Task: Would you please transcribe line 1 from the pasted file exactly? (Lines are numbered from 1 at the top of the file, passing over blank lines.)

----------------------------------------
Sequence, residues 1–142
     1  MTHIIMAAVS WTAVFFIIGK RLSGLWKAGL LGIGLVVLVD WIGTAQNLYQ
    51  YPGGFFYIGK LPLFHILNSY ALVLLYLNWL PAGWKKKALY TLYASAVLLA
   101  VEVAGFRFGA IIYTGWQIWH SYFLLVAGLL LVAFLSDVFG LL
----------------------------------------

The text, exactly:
Sequence, residues 1–142